Rokeby Museum’s 2021 season exhibit explores the career of Rachael Robinson Elmer (1878–1919) and her early twentieth-century success as a professional illustrator. Exhibit Opens May 30th and runs through October 24th, 2021.
May is National Preservation Month and we’re asking you to join us in running or walking a 5K (from anywhere!) in support of Rokeby Museum and the on-going preservation of this historic site. No matter where you are in the country you can support the mission and preservation of this National Historic Landmark.
Blog post two in our Meet our Staff & Volunteers series! Meet Allison Gregory, Rokeby Museum’s Office Administration Manager. Starting her journey at Rokeby as Education & Interpretation Fellow in 2020, Allison is excited to be back in a new role!
This stunning exhibit chronicles the stories of Simon and Jesse, two fugitives from slavery who found shelter at Rokeby in the 1830s. Free & Safe traces their stories from slavery to freedom, introduces the abolitionist Robinsons who called Rokeby home, and explores the turbulent decades leading up to the Civil War.
The house tour is an intimate experience, during which visitors encounter the stories of all four generations of the Robinsons on their own terms — and in their own spaces. Due to COVID-19, house tours are not available at this time, but check back. An alternative experience may be available soon.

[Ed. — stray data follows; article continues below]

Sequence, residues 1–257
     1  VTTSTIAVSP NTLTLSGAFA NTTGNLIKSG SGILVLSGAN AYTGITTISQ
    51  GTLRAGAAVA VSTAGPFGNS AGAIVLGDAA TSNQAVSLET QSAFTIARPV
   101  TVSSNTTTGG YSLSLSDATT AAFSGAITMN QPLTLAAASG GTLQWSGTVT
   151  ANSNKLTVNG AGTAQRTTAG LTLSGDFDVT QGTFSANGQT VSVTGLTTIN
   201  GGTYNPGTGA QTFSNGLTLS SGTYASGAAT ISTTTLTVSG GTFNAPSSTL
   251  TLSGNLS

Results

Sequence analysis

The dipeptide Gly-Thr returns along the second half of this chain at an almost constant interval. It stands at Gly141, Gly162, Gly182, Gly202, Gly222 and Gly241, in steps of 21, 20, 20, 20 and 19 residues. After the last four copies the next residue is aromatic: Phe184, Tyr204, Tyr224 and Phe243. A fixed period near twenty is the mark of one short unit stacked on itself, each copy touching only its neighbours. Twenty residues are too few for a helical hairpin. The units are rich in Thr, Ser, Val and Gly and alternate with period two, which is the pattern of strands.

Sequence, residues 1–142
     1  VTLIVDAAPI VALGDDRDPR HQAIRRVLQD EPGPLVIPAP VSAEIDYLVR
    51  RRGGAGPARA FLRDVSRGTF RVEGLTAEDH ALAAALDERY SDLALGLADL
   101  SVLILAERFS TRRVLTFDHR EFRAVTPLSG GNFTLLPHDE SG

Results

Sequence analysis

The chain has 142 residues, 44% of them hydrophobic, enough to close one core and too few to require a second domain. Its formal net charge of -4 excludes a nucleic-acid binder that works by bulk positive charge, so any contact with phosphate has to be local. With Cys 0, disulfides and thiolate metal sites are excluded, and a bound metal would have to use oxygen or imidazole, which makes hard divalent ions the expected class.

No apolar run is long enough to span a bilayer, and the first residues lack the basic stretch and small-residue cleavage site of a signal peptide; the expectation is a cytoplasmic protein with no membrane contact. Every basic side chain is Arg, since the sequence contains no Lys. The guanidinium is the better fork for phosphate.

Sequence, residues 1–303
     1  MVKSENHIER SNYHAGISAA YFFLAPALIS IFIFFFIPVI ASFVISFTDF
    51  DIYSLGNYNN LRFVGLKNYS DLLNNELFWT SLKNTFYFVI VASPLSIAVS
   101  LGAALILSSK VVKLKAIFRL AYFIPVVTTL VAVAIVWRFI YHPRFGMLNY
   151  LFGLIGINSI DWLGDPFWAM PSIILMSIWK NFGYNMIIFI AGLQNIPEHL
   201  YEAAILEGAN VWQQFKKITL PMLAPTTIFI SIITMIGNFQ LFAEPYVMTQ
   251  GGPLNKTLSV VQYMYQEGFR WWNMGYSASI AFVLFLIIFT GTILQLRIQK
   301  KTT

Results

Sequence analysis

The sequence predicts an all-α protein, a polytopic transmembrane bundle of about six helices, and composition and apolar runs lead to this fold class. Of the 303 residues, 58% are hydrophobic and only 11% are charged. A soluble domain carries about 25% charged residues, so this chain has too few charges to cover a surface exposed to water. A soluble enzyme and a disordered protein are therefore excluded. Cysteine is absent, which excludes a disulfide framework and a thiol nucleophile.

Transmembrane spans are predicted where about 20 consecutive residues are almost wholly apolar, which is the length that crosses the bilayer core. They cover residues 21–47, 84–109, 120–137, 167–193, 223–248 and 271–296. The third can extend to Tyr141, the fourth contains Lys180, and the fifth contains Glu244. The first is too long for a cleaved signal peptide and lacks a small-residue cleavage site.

Rokeby Museum presents a nationally significant Underground Railroad story tucked inside a quintessential Vermont experience. A major exhibit Free & Safe: The Underground Railroad in Vermont brings the Underground Railroad vividly to life. Focused on Simon and Jesse, two fugitives from slavery who found shelter here in the 1830s, the exhibit traces their stories from slavery to freedom, introduces the abolitionist Robinson family who called Rokeby home, and explores the turbulent decades leading up to the Civil War. The historic house fully furnished with 200 years of domestic belongings provides an intimate glimpse into the family’s life through four generations. Once a thriving Merino sheep farm, Rokeby retains nine historic farm buildings filled with agricultural artifacts. Acres of pastoral landscape dotted with old wells, stone walls, and historic orchards invite a leisurely stroll or a hike up the trail. Picnic tables accommodate lunch outdoors.
At Rokeby Museum, volunteers are integral to helping us achieve our mission. There are so many ways to get involved at Rokeby. From tours, collections work, or trail maintenance, there is something for all interests and skills.
Did you know that we have hiking trails? Our trails are open daylight hours year-round. Please note — A portion of Rokeby’s trails are closed during mud season. Please follow signage and help protect our trails.
Become a supporter of Rokeby Museum’s mission through sponsorship of our exhibits, programs & events, educational initiatives, and historic site. Your support makes Rokeby’s work possible. Thank you!